Christmas Eve runs like clockwork in our house. For me, I normally stupidly go out the night before and wake up Christmas Eve with seven heads on me.
My sister is normally travelling down from the capital good and early and when we all touch base, we head into town to do the final few bits of food and drink shopping (and any Christmas present shopping that has been forgotten about i.e. Dad and I).
We come home, open one present each (it’s normally a piece of clothing that my sister has bought me to wear for mass that year) and head off for the church.
Mass is finished and we tip into our local for a sup where we meet up with family and friends who you really don’t get to see throughout the rest of the year, sadly.
And all of those things make up the ideal Christmas Eve for my family and I but really, it’s all just leading up to one big finale.
I’m not talking about the following morning, I’m talking about what happens after we come home from the local.
Roast Christmas Goose is one of the most traditional of festive meals. Wonderful flavour, succulent meat, crispy skin plus all the Goose Fat that will keep you in amazing roast potatoes for months. Order yours in the shop Goose guide here >> https://t.co/mzQH3CHej6 pic.twitter.com/sGrGCoX6xR
— Morley Butchers (@morleybutchers) December 7, 2018
Christmas Eve is a big preparation in our house when it comes to food and the bird of choose is not a duck or a turkey.
I’d happily take a goose over these birds for every day of Christmas. Sure, it might not go down as well in a sandwich as a turkey and it’s a lot more greasier than a duck but it’s actually heaven.
I’m salivating even thinking about it and to make me drool even more, I’m going to take you through our family method of getting the bird juiced and goosed.
Fair play to my parents, they are on the ball when it comes to start of this delicious midnight dinner’s journey.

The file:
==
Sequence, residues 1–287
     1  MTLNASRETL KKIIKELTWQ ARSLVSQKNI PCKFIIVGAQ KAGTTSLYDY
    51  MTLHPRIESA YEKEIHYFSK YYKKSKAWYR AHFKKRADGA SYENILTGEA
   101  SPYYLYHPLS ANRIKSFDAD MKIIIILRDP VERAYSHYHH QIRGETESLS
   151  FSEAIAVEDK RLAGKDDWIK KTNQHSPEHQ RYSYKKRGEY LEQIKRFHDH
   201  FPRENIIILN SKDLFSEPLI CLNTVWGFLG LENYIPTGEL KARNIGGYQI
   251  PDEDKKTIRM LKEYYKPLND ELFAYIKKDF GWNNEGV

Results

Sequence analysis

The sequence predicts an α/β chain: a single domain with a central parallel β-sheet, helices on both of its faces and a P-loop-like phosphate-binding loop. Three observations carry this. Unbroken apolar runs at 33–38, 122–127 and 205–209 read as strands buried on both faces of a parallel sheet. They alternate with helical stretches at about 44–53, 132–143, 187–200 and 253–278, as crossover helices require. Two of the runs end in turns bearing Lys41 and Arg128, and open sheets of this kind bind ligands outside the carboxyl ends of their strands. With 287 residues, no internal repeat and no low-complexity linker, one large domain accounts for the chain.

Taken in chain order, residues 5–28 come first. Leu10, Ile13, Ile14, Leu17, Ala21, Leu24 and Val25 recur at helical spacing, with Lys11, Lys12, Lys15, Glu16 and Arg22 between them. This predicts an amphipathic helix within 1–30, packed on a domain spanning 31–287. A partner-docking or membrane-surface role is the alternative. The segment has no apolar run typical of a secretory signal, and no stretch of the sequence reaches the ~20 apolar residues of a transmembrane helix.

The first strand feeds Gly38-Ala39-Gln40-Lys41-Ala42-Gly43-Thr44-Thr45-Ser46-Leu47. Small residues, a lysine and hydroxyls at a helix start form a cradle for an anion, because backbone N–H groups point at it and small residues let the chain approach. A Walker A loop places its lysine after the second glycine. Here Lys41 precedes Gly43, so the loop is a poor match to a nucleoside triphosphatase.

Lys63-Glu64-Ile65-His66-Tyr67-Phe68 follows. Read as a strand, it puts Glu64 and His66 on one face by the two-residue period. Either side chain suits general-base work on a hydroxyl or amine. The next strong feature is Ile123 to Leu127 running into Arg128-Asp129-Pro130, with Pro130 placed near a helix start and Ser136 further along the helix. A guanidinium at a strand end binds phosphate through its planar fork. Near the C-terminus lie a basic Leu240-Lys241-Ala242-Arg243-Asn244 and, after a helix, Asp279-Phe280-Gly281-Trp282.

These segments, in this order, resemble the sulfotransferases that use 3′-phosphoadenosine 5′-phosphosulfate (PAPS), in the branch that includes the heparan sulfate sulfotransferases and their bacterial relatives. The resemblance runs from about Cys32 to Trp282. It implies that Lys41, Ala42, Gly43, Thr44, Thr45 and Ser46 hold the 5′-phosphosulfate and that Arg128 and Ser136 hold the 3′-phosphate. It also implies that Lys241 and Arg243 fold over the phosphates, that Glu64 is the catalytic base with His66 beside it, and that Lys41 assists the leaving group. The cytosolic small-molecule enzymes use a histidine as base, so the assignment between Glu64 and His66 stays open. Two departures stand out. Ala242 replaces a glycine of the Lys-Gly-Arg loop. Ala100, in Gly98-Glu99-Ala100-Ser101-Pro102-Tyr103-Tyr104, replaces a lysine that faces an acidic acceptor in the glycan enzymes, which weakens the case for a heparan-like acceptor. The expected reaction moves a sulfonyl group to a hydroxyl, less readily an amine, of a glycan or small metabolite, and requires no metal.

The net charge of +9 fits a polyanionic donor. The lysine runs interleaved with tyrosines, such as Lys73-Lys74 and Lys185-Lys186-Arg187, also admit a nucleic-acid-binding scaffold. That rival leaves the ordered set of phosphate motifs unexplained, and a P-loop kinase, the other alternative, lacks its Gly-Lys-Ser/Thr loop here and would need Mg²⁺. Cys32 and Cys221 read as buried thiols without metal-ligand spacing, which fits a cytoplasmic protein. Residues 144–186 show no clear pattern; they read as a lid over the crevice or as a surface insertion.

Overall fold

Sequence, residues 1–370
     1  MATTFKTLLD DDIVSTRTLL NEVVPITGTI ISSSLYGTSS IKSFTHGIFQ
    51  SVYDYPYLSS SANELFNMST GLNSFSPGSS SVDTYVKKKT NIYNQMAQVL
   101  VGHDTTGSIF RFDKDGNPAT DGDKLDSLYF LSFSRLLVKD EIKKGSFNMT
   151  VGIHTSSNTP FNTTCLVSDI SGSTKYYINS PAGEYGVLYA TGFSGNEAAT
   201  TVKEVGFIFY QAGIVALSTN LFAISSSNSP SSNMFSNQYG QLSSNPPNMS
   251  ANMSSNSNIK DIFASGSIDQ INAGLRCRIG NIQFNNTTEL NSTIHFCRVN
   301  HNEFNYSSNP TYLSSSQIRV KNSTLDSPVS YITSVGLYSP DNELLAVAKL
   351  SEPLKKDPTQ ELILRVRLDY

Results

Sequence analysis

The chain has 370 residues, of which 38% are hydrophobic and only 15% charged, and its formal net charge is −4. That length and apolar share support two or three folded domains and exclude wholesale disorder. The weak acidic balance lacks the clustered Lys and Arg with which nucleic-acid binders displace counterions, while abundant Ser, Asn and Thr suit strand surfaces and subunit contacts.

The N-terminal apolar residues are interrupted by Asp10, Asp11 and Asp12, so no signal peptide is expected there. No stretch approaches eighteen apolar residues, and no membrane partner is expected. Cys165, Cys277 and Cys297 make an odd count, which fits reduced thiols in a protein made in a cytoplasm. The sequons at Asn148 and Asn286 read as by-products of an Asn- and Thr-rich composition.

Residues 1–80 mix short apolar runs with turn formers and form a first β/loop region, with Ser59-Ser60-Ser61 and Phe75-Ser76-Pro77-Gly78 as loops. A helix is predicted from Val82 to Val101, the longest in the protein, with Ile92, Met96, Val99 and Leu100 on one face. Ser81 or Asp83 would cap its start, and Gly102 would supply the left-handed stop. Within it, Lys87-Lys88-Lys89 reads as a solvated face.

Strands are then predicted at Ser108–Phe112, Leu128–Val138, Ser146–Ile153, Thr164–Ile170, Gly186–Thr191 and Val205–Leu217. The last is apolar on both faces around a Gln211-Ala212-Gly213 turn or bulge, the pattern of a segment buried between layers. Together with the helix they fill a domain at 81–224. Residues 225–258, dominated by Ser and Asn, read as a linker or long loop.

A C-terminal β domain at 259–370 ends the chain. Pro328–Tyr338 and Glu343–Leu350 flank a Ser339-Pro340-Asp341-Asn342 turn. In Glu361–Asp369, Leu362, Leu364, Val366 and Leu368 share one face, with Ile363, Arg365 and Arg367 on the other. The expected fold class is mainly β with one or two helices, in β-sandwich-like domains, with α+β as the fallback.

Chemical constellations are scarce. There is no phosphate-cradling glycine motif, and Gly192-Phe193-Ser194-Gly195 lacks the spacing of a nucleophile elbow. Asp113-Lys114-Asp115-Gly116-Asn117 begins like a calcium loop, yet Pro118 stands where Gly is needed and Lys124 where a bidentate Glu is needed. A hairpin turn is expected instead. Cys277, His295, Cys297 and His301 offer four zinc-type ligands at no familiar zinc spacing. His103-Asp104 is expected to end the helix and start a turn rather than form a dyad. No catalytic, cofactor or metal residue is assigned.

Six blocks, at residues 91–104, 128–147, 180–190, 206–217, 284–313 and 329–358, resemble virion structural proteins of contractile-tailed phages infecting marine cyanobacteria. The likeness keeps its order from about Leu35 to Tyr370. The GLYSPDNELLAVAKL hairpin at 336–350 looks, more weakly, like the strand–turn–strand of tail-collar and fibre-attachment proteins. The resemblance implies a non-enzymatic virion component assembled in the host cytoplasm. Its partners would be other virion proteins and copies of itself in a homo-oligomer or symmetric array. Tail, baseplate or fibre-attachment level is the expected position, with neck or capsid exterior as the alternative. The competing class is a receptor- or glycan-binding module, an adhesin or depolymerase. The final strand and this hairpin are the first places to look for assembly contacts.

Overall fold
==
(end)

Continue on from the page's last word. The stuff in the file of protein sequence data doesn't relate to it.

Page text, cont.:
They order it in good time from the local butchers. The free range goose is collected the day before Christmas Eve.
It’s kept in the fridge until around Christmas Eve morning and is taken out to sit at room temperature for a few hours before cooking.
The weight of the goose we normally get is around 8 to 10lbs (3-4kg).
We remove the neck first by slicing off the skin. When doing this, we try and remove as much of the fat as possible as it’s a very greasy bird.
Then, we remove the giblets which are used for the gravy and the fat is normally used on the roast potatoes.
Then, one onion and cloves of garlic are washed and are inserted into the cavity of the goose.
Mam is the expert of scoring the skin of the bird with a sharp knife and it is then seasoned well with salt & pepper.
Put that tongue back in…
Now, we’re getting into the business end of things. The goose is placed into a preheated oven on a wire tray.
The temperature and time that the goose goes in at is normally calculated by weight etc but if my memory serves me correctly, it was around 220 degrees (or Gas Mark 7) last year.
It’s covered with tin foil and the heat is turned down by about 50-60 degrees after 30 minutes.
After two and a half hours, the tinfoil is removed and some of the juice is poured over the back of the bird.
It’s put back in for another 30 minutes or so until it’s brown.
Then, it gets technical and the expert (Mam) is back in the hot seat. She makes sure that the juices in order to see that it’s fully cooked at the legs.
When cooked, it’s taken out and put in another dish.
The giblets are then cooked and the juices from the goose are used for gravy and roast potatoes on Christmas Day.
We have a small feed before mass on Christmas Eve and partner the goose with roast ham and salad.
But we leave the majority of it for later on that night where Dad is put in charge of the cutting and our plates are filled with sandwiches, goose and a nice cup of scald to wash it all down.
The goose has been a family tradition for centuries.
It’s a speciality food in our household now and one which we all like to have a part in until it gets to the tricky bits (I’m giving the parts that can’t be done wrong and for good reason).
I’ve been told that it was always eaten on Christmas Day in our village because the farmers fádo would rear their own for killing.
So, it’s great to see that this tradition lives on in our family, even if it comes one day earlier than it used to.